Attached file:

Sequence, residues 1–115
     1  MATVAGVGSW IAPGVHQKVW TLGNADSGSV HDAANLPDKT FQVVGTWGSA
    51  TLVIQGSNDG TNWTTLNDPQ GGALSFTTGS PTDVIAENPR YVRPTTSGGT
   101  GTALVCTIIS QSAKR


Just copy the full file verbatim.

Sequence, residues 1–115
     1  MATVAGVGSW IAPGVHQKVW TLGNADSGSV HDAANLPDKT FQVVGTWGSA
    51  TLVIQGSNDG TNWTTLNDPQ GGALSFTTGS PTDVIAENPR YVRPTTSGGT
   101  GTALVCTIIS QSAKR